Combining benzodiazepines and opioids associated with overdose death risk

About half of the deaths from drug overdose in a cohort of U.S. veterans occurred among current benzodiazepine users concurrently prescribed opioids.

Benzodiazepines were associated with a dose-dependent increased risk of death from drug overdose among veterans receiving opioid analgesics, a study found.

Researchers conducted a case-cohort study at VA facilities from 2004 to 2009 to study the association between benzodiazepine prescribing patterns and the risk of intentional, unintentional, or indeterminate death from drug overdose. The study included 2,400 veterans who died of a drug overdose while receiving opioid analgesics, compared to a random sample of more than 420,000 veterans who received VA medical services and opioid analgesics. Each participant's use of benzodiazepines was classified as none, former, or current. Those not having a prior benzodiazepine prescription were classified as none, those who completed a benzodiazepine prescription during the study period that was not renewed or replaced by another active benzodiazepine prescription were considered former users, and current users had an active benzodiazepine prescription during the study period. The benzodiazepine types studied were alprazolam, chlordiazepoxide, clonazepam, diazepam, lorazepam, temazepam, estazolam, flurazepam, oxazepam, quazepam, and triazolam. Results appeared online June 10 at BMJ.

The researchers reported that 27% (n=112,069) of veterans who received at least 1 opioid analgesic also received benzodiazepines. About half (49%) of the deaths from drug overdose (n=1,185) occurred among current benzodiazepine users concurrently prescribed opioids. Risk of death from drug overdose increased with former benzodiazepine use. For patients with a previous benzodiazepine prescription compared to no prescription, the adjusted hazard ratio (HR) was 2.33 (95% CI, 2.05 to 2.64). For current prescriptions versus no prescription, the adjusted HR was 3.86 (95% CI, 3.49 to 4.26).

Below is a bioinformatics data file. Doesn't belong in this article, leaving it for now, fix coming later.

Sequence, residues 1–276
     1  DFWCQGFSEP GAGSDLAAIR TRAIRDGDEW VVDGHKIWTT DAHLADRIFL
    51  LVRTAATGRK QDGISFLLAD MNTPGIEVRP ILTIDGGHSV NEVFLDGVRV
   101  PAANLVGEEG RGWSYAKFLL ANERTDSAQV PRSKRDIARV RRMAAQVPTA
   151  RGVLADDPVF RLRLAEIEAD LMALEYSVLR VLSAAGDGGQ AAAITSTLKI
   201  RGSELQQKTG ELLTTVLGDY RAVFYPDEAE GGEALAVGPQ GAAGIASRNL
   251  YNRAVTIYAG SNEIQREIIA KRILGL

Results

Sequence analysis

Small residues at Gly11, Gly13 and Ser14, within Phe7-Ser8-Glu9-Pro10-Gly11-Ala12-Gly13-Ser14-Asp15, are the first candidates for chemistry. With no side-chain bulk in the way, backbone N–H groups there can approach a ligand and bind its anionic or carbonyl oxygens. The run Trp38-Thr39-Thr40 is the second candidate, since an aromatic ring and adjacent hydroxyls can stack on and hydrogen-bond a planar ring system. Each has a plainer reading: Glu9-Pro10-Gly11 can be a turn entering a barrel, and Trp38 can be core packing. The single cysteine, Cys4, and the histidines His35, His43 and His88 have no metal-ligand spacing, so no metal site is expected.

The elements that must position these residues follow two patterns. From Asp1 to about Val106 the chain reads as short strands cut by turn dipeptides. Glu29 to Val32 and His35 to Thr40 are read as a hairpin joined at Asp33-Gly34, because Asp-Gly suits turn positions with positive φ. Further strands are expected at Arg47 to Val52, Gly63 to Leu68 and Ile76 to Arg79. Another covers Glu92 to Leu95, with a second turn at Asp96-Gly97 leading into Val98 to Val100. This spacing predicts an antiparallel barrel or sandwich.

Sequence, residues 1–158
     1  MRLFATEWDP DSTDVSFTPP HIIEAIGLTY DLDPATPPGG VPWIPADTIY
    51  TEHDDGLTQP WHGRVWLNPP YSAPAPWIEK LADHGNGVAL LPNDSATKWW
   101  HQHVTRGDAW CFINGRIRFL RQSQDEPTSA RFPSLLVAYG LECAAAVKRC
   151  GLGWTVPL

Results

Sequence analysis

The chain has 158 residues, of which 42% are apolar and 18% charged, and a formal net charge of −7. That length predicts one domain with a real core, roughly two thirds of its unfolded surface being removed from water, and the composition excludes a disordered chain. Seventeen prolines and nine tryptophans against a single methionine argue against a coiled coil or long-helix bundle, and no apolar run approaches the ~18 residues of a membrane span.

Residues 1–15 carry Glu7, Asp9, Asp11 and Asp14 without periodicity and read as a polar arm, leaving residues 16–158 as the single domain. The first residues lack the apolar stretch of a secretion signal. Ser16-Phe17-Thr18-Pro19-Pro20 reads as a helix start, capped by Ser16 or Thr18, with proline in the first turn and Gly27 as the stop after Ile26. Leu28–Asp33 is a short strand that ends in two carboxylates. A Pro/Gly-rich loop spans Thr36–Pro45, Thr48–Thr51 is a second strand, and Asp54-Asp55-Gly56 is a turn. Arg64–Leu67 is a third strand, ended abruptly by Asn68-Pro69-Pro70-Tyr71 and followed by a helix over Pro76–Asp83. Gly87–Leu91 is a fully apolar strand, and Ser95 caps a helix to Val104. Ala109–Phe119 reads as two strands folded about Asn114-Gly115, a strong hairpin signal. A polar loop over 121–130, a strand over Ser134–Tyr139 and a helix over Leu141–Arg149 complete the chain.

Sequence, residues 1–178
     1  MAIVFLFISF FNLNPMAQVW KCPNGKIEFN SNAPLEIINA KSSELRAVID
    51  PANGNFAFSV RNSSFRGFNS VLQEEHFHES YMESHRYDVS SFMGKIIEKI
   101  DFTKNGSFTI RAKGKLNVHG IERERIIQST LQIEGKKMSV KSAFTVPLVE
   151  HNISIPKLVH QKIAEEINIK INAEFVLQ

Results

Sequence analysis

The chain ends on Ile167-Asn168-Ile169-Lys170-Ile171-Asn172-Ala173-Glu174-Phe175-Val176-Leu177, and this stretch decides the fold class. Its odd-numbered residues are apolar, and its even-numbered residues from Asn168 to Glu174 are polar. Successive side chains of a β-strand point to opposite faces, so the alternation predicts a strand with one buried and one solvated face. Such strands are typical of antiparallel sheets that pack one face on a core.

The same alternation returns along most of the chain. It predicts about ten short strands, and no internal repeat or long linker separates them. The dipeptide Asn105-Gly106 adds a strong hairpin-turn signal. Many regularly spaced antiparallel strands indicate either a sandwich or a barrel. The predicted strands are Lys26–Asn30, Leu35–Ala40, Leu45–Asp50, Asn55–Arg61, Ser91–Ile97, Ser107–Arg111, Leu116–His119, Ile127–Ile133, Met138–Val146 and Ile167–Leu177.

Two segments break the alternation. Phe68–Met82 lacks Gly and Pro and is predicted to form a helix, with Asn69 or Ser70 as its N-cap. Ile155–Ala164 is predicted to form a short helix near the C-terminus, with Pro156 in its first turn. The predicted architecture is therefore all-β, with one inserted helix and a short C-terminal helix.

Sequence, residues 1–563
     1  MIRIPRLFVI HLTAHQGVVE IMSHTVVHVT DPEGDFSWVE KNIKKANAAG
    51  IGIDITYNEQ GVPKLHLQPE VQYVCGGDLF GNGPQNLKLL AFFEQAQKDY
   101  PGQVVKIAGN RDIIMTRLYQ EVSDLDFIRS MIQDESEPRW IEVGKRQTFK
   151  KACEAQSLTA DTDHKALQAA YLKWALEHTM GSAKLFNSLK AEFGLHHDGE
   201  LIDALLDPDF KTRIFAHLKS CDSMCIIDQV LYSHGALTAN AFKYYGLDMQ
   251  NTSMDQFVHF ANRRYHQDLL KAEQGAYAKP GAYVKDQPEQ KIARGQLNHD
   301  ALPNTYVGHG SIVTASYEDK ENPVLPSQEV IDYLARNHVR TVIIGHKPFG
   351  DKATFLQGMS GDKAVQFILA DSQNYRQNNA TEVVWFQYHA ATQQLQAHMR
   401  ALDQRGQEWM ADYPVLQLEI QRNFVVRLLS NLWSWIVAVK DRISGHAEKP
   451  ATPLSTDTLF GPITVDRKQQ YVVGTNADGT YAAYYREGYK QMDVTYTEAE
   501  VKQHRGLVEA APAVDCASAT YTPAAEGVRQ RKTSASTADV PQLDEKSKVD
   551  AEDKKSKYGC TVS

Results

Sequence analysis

Clonazepam was the most commonly prescribed benzodiazepine, and all other benzodiazepines had similar risk except temazepam, which was associated with a decreased risk of death from drug overdose (adjusted HR, 0.63; 95% CI, 0.48 to 0.82); the potential cause of this observation was not able to be addressed in the study. After adjustment, there was no association between benzodiazepine dosing schedule and death from overdose.

Compared with the lowest opioid dose category, higher opioid dose categories were associated with increasingly greater risk of death from overdose for no benzodiazepine receipt, former benzodiazepine receipt, and current benzodiazepine receipt, the authors reported.

Although the observational study prevented researchers from concluding whether benzodiazepine prescribing patterns are the direct cause of death from drug overdose, researchers noted that clinicians should be aware of the increased risk among patients currently receiving benzodiazepines and opioids and that the risk might be higher among those receiving higher doses of either or both drugs.

“This risk might be due to risks inherent to those prescribed benzodiazepines, such as the presence of an anxiety condition and/or to the benzodiazepine itself,” the researchers concluded. “Thus, clinicians should be cautious when prescribing benzodiazepines to this group. Although it is unknown whether patients with comorbid pain and anxiety who use opioids and benzodiazepines would benefit from the same interventions to reduce risk of death from overdose as patients using opioids alone, clinicians might consider including this group in overdose prevention efforts, such as naloxone training for caregivers.”